Nation Current Affairs 08 Oct 2019 61 per cent of apps ...

61 per cent of apps tested shared data

DECCAN CHRONICLE.
Published Oct 8, 2019, 1:10 am IST
Updated Oct 8, 2019, 1:10 am IST
Women use such apps for a range of purposes, from tracking their period cycles to maximising their chances of conceiving a child.
Out of the 36 apps the Britain-based privacy watchdog tested, 61 per cent were found to be automatically transferring data to Facebook the moment the user opens the app.
 Out of the 36 apps the Britain-based privacy watchdog tested, 61 per cent were found to be automatically transferring data to Facebook the moment the user opens the app.

Hyderabad: A menstruation tracking app called Maya has reportedly shared its information with  social networking giant Facebook, according to research carried
out by Privacy International.

Every single interaction between you and the app, such as when you open it, whether you have protected or unprotected sex, your period cycles, contraceptive pill use, how you’re feeling, and whether you have acne or breast tenderness, can be transferred to Facebook and become public knowledge.

 

Women use such apps for a range of purposes, from tracking their period cycles to maximising their chances of conceiving a child.

On the Google Play store, Maya, owned by India-based Plackal Tech, has more than 5 million downloads, according to Buzzfeed News.

Out of the 36 apps the Britain-based privacy watchdog tested, 61 per cent were found to be automatically transferring data to Facebook the moment the user
opens the app.

This happens whether the user has a Facebook account or not, and whether logged onto Facebook or not.

‘We also found that some of those apps routinely send Facebook incredibly detailed and sometimes sensitive personal data. Again, it didn’t matter if people were logged out of Facebook or didn’t have an account,’ the report said.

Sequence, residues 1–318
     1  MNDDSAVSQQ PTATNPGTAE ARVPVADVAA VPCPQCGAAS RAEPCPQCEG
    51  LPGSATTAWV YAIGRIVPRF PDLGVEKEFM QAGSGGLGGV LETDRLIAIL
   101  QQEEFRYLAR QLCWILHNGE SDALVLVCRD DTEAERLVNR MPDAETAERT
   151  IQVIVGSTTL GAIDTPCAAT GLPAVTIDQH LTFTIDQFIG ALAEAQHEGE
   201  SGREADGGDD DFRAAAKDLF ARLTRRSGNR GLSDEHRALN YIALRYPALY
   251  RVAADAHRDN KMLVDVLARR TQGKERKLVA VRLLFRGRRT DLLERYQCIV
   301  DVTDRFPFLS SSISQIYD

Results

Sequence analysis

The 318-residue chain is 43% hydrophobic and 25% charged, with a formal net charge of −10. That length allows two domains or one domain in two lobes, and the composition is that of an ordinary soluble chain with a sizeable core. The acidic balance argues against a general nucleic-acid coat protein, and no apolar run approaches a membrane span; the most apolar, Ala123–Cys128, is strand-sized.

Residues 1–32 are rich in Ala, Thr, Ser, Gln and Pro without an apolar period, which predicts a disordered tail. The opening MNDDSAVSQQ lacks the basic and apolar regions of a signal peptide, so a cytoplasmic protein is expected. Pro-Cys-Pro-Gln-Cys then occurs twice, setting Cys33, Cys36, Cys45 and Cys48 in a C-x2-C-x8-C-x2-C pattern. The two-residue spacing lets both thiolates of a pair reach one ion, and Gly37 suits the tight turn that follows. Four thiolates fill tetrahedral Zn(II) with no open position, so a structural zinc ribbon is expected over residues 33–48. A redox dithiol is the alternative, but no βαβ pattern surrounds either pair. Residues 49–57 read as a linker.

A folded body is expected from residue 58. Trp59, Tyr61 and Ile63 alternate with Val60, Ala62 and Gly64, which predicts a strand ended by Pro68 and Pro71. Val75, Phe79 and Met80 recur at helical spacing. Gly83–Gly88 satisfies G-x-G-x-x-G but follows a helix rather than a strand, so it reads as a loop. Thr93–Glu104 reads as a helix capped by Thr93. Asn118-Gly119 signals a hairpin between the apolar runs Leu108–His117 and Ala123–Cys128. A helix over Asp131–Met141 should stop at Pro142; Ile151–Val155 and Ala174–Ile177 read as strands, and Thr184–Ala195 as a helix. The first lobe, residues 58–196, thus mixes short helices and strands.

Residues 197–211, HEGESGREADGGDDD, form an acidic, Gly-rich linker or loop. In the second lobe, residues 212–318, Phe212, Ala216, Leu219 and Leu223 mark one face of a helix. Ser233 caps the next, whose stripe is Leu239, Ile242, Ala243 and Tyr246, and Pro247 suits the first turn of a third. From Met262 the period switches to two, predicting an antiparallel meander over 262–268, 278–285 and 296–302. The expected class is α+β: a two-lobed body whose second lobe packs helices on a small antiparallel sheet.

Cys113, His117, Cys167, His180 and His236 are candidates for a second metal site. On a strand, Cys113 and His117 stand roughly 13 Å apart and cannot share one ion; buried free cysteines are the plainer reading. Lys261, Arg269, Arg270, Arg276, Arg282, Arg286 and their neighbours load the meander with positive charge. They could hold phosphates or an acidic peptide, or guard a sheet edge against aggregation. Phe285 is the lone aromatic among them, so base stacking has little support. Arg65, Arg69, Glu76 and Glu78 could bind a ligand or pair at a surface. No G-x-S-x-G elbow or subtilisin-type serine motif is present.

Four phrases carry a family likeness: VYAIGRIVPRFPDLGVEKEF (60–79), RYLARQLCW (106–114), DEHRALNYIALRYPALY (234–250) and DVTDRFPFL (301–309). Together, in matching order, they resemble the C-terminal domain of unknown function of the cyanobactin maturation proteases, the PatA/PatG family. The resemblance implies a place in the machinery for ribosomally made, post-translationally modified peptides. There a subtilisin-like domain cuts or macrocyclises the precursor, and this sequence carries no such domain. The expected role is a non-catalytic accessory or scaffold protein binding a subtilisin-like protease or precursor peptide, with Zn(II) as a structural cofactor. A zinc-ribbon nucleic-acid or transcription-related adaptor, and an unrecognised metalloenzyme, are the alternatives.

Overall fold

According to the research there is a reason why advertisers are so interested in your mood; understanding when a person is in a vulnerable state of mind means
she can be strategically targeted.

Knowing when a teenager is feeling low means an advertiser might try and sell him a food supplement that is supposed to make him feel strong and focused.

Understanding people’s mood is an entry point for manipulating them. And that is all the more worrying in an age when Facebook is having so much impact on
our democracies, as the Cambridge Analytica scandal revealed.

In an email conversation with this newspaper, a Maya app representative denied the report: “Reports of Maya leaking user data or breaching it for commercial
reasons are absolutely false, baseless and very very inaccurate.

“They are also one-sided and sensational. Like most apps, websites, we also use analytics and email tools like Google, Clevertap, Facebook Analytics and many
more. Every website, app and platform uses analytics to improve user personalisation and experience.”

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Location: India, Telangana, Hyderabad




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